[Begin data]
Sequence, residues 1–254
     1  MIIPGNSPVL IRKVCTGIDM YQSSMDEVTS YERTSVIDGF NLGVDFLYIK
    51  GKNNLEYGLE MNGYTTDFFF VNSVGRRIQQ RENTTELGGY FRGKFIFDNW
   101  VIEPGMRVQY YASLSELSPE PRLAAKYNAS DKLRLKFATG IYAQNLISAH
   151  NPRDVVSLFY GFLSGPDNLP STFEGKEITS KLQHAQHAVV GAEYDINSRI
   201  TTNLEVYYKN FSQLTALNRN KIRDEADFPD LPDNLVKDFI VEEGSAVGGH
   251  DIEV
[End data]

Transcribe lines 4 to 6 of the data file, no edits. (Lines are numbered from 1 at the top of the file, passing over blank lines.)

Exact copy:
   101  VIEPGMRVQY YASLSELSPE PRLAAKYNAS DKLRLKFATG IYAQNLISAH
   151  NPRDVVSLFY GFLSGPDNLP STFEGKEITS KLQHAQHAVV GAEYDINSRI
   201  TTNLEVYYKN FSQLTALNRN KIRDEADFPD LPDNLVKDFI VEEGSAVGGH